skin, needle sharing by injecting drug users) ; and by mother to 
infant contact (during pregnancy, at the time of delivery, during 
breastfeeding) . 

Know the facts and think before you act. You only have one 
life, so choose behaviors that will protect you and those you 

The Navy HIV Program located in Bethesda, MD, exists to 
serve you — the men and women of the Navy and Marine Corps. If 
you need information, or would like to become a Navy HIV 
prevention instructor, call the staff at DSN 295-0048 or 
commercial (301) 295-0048. 

EDITORS NOTE: The Spring 1995 Captain's Call Kit contains a 
short version of this article. 


3. Two-month calendar of events, observances and anniversaries: 

National Alcohol Awareness Month (212/206-6770) 

Cancer Control Month (404/329-5739) 

Child Abuse Prevention Month (312/663-3520) 

Month of the Military Child 

Stress Awareness Month 

National Occupational Therapy Month (301/652-2682) 

National Sexually Transmitted Disease (STD) Awareness Month 

Sports Eye Safety Month (1-800-331-2020) 

National Youth Sports Injury Prevention Month (617/449-2499) 

National Humor Month (408/624-3058) 

Mathematics Education Month 

Keep America Beautiful Month 

3 April - 1 May: Annual Savings Bonds Campaign 

7 April: World Health Day 

7-9 April: Alcohol-Free Weekend (212/206-6770) 

9 April : Palm Sunday 

9-15 April: National Building Safety Week (703/437-0100) 

9-15 April: National Library Week "Libraries Change Lives"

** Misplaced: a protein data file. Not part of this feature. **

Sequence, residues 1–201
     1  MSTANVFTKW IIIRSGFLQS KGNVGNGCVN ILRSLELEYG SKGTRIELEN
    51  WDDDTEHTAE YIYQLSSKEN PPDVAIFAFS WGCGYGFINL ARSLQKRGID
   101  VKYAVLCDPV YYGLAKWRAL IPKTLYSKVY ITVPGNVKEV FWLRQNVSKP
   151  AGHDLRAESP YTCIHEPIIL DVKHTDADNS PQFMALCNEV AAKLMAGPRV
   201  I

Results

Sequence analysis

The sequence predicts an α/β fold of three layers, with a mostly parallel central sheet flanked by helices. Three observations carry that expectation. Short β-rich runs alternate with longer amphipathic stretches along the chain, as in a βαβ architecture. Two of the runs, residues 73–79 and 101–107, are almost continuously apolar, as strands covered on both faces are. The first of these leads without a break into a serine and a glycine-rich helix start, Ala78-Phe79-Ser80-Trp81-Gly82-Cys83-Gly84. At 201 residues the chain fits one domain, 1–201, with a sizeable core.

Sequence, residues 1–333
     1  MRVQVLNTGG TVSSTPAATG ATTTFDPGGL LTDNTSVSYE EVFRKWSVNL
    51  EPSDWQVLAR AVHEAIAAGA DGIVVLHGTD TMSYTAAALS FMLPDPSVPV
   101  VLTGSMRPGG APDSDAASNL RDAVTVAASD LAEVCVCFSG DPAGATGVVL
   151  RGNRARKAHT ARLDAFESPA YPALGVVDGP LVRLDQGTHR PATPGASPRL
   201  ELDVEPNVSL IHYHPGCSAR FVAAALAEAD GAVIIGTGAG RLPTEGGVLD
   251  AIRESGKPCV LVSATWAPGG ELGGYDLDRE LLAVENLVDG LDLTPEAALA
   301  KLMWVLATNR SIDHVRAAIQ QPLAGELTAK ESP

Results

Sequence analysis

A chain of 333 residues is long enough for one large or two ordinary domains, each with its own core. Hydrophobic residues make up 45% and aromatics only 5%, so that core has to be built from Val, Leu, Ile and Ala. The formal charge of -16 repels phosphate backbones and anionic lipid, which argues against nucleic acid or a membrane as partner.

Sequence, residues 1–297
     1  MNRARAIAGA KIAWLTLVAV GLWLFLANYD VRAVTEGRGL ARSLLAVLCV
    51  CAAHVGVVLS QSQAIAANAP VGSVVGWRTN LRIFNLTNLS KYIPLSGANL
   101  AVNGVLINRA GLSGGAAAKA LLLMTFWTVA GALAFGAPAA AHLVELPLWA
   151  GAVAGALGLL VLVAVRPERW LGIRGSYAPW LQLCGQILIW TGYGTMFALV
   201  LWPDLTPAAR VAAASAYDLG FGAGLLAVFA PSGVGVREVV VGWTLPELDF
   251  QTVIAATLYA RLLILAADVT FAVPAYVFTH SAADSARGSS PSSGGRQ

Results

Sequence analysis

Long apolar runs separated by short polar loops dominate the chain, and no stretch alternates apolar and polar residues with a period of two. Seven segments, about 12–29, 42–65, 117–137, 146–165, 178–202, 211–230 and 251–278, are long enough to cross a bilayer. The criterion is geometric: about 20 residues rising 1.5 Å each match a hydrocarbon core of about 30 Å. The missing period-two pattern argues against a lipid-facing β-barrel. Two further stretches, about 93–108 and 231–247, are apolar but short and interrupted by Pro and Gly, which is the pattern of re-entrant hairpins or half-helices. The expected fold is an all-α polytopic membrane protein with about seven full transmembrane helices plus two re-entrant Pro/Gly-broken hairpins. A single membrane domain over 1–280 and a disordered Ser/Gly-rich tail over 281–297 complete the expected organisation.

(312/280-5044/1 or 1-800-545-2433, ext . 5044 or 5041) 

11 April: Morning (0600-0800) and Night (until 2200) 
Detailing (times are for Washington DC) 

14 April: Good Friday 

14-22 April: Passover (begins sundown/ends sundown) 

1 6 April : Easter 

16-22 April: National Organ/Tissue Donor Awareness Week 
(804/330-8500; in IL, 312/431-3600) 

16-22 April: National Medical Laboratory Week (312/738- 

17 April: 0-5 Staff Corps selection board convenes 

17 April: Deadline for filing Income Tax returns 

18 April: National Youth Service Day 

21 April 1945: Allies entered Berlin 

22 April : Earth Day (25th Anniversary) 

22-28 April: National Infant Immunization Week (404/639- 

23-29 April: National Volunteer Week (202/223-9186, xl46) 

24 April: Medical Enlisted Commissioning Program board 

24-28 April: Electroneurodiagnostic (END) Technologists 
Week (712/792-2978) 

25 April: Morning (0600-0800) and Night (until 2200) 
Detailing (times are for Washington DC) 

25 April 1945: United Nations organized 

26 April : Professional Secretaries Day 

27 April: Take Our Daughters To Work Day "A girl is 
watching. What is she learning?" 

27 April: Yom Hoshoah/Holocaust Remembrance Day 

28 April : Arbor Day 

29-30 April: March of Dimes WalkAmerica (914/997-4622) 
30 April 1970: Vietnam War ends with fall of Saigon 
30 April: E-9 Evals Due 


Asian-Pacific Heritage Month